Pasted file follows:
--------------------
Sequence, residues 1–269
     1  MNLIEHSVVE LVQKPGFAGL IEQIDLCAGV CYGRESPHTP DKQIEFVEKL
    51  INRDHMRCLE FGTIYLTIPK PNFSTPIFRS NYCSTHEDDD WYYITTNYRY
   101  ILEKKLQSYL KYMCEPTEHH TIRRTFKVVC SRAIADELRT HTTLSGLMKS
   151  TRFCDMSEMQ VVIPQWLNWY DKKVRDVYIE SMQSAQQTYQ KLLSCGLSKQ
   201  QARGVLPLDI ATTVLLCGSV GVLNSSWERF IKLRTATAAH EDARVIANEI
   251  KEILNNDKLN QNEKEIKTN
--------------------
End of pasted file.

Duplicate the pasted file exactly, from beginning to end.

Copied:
Sequence, residues 1–269
     1  MNLIEHSVVE LVQKPGFAGL IEQIDLCAGV CYGRESPHTP DKQIEFVEKL
    51  INRDHMRCLE FGTIYLTIPK PNFSTPIFRS NYCSTHEDDD WYYITTNYRY
   101  ILEKKLQSYL KYMCEPTEHH TIRRTFKVVC SRAIADELRT HTTLSGLMKS
   151  TRFCDMSEMQ VVIPQWLNWY DKKVRDVYIE SMQSAQQTYQ KLLSCGLSKQ
   201  QARGVLPLDI ATTVLLCGSV GVLNSSWERF IKLRTATAAH EDARVIANEI
   251  KEILNNDKLN QNEKEIKTN